On a more serious note, I agree with you 100% about Penguin. It’s absurd that we haven’t seen an update in 10 months. Unfortunately, I don’t have high hopes for Penguin 3.0. Google opened Pandora’s box when they decided to assign negative value to “unnatural” links (as opposed to just devaluing them), and now, they’re simply iterating on a fundamentally broken algorithm.

      • Patrick Hathaway August 14, 2014 at 10:36 am #

        Yep, I agree entirely, and still don’t understand why they didn’t even try an update where unnatural links were devalued/ignored.

        I know of some niches where new sites can slowly but surely rise to the top of the SERPs as all other competitors get blasted away by NSEO, only for themselves to then get hit and start again.

        Has anyone ever asked Google if they have tested that algorithm (as they claim to have tested one where they ignore links entirely).

        P.S. I was imagining Bauer triangulating Cutts’ location via Twitter check-in, snipers trying to pick him off as Chloe runs interference with millions of automated Reconsideration Requests, getting patched through to Rand Fishkin… it would be epic.

        • steve August 14, 2014 at 11:40 am #

          That makes two of us. Spammers gonna spam… no matter how severe the penalties are for “bad” links. So I’d much rather eliminate the false positives (e.g., NSEO victims). If we don’t catch as many spammers, so be it.

          Let’s just hope Penguin 3.0 isn’t a total clusterf…

          (I’m all-in for this idea. Cutts and Fishkin and snipers… OH MY! Hollywood will never be the same!!!)

  7. Josh August 14, 2014 at 11:03 am #

    Man, why couldn’t I get this email? I would love to play a cat and mouse game with these criminals.

    Possible to forward the email to me for me to rattle the cage on my own site(s)? :)

    • steve August 14, 2014 at 11:42 am #

      That’s the beauty of this situation… you don’t have to wait for them to email you. You can email them!

      Here are the email addresses I know so far:


  8. Guido August 14, 2014 at 11:47 am #

    Same cut & Paste e-mail. and my 48 hours expired. still no action….. or not ;)

    • steve August 14, 2014 at 12:04 pm #

      Hahaha… well, that’s good news… or not. ;-)

      At this point, I’m genuinely confused about when my 48 hour window started (and when it might end). Rannvijay is currently writing the manual on how NOT to handle an extortion.

  9. Streko August 14, 2014 at 11:53 am #

    Unless you send me a pack of Newport cigarettes, $0.43 (in pennies) and a pencil I am going to post this comment. You have 3 minutes to respond…

    Ohh well, no cigs, pencil or pennies.

    Hitting Submit.

    • steve August 14, 2014 at 12:07 pm #

      Best. Comment. Ever.

      You would be the greatest extortionist the world has ever seen!!!

      • Streko August 14, 2014 at 12:28 pm #

        I do it for the children…

        … & the ladies.

        • steve August 14, 2014 at 12:53 pm #

          And the world is a better place because of it.

  10. James August 14, 2014 at 1:10 pm #

    “issmt1@yahoo.com .” wrote:
    Pay $750 and $750 to the following 2 persons by WesternUnion and after you send the money by WesternUnion, then email me the 2 MTCN numbers, the exact amount to be received in Indian Rupees (currency) & the money sender’s full name and address and phone number.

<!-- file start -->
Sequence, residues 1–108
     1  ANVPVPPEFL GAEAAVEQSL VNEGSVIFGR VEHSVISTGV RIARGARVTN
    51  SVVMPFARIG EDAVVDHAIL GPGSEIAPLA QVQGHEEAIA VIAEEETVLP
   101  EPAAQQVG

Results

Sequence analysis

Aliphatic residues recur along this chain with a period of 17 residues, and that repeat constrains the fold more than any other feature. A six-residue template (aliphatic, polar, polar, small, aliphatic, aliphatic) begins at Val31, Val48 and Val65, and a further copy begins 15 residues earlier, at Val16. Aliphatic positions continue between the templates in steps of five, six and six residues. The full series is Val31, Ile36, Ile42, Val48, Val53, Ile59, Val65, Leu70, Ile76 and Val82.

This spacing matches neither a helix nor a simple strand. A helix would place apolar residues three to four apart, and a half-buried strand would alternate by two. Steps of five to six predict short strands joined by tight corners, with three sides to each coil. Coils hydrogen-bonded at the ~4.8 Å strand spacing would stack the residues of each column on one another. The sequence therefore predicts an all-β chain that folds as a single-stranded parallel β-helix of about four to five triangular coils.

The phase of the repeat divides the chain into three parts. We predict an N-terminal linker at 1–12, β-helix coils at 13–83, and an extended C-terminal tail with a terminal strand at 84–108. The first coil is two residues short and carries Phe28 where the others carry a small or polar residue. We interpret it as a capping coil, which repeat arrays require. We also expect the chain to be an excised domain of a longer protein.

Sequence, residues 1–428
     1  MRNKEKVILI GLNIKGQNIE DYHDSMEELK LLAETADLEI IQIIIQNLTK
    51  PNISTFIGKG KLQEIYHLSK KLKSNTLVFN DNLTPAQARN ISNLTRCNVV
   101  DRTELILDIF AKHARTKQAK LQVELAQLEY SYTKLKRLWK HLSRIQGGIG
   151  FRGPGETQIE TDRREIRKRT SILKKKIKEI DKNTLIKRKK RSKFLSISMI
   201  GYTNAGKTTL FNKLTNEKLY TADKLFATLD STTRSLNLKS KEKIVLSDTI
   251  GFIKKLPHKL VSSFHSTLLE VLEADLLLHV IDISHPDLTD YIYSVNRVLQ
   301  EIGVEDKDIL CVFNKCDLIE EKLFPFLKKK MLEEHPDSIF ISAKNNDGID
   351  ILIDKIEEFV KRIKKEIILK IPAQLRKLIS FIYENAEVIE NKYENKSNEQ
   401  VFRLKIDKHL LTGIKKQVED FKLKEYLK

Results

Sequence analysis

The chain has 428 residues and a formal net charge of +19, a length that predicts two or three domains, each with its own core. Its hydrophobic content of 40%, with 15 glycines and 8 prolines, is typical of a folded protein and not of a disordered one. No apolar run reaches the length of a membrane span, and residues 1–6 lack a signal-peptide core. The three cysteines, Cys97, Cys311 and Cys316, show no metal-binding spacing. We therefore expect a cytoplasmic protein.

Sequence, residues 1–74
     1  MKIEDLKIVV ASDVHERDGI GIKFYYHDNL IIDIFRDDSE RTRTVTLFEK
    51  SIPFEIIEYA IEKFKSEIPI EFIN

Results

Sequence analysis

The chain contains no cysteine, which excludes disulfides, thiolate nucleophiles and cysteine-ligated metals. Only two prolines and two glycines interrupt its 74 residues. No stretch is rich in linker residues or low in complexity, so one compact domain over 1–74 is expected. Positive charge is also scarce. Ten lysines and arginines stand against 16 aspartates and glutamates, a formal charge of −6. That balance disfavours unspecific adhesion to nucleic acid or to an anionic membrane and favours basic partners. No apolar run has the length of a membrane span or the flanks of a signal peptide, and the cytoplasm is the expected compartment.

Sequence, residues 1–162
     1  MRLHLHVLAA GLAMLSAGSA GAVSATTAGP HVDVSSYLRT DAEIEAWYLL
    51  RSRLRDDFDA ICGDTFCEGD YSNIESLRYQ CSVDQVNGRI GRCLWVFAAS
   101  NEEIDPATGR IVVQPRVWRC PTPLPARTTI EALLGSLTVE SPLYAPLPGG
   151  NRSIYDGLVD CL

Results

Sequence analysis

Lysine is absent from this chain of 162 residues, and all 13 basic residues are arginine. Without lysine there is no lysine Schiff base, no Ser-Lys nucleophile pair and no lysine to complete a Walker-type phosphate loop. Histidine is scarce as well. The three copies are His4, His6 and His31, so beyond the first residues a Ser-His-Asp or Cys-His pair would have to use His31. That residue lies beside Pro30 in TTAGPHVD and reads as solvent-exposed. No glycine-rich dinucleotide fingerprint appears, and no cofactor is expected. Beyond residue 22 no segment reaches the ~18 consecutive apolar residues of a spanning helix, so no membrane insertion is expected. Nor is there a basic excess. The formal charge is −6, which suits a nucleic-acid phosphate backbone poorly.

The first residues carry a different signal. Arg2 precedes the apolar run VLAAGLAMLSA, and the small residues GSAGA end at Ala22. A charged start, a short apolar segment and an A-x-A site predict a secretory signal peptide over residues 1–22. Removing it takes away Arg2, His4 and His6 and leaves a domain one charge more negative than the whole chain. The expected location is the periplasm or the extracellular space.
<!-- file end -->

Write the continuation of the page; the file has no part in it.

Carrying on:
Recipient 1 ($750.00) :

    Full name : Samarendranath Das
    Address : Acharya Prafullanagar, Pashchim Para, Rajpur, Sonarpur, Sonarpur
    City : South 24 Parganas
    PIN Code : 700150
    State : West Bengal
    Country : India
    Mobile : +919831480728

    Recipient 2 ($750.00) :

    Full Name : Sanjay Das
    Address : Acharya Prafullanagar, Pashchim Para, Sonarpur,
    City : South 24 Parganas,
    PIN Code : 700150
    State : West Bengal
    Country : India
    Mobile : +919836255433

    After you send the $750.00 + $750.00 by WesternUnion, then email me the 2 MTCN numbers, the exact amounts to be received in Indian Rupees (currency) & the money sender’s full name and address and phone number.

    Confirm that you have received this email and confirm that you will pay and when you will pay ?

    • steve August 14, 2014 at 1:46 pm #

      Excellent… we also received the same payment-related information. Thanks for sharing!

  11. James August 14, 2014 at 1:11 pm #

    Not the smartest extortionists perhaps.

    • steve August 14, 2014 at 1:47 pm #

      At this point, I think that’s a bit of an understatement. ;-)

  12. Nathan August 14, 2014 at 3:04 pm #

    Our company received one of these as well. We were all in stitches over this. My favorite part of all of this is his alias – http://en.wikipedia.org/wiki/Rannvijay_Singh. Unless that’s really THE Rannvijay taking up another profession…

    • steve August 14, 2014 at 3:24 pm #

      From the very beginning, I always assumed we were communicating with THE Rannvijay.

      Unfortunately, that dream died a few hours ago when we realized we’re dealing with Samarendranath Das and Sanjay Das (see the update on August 14, 2014 @ 2:50pm CT).

      Oh well… I’m going to keep living the lie. :-)

  13. Oleg August 14, 2014 at 3:44 pm #

    Funny that they provided you with the txt file with all the domain they were going to blast you with. With the disavow tool, they pretty much gave you the antidote for their negative seo lol.


    P.S. good to see you posting again :)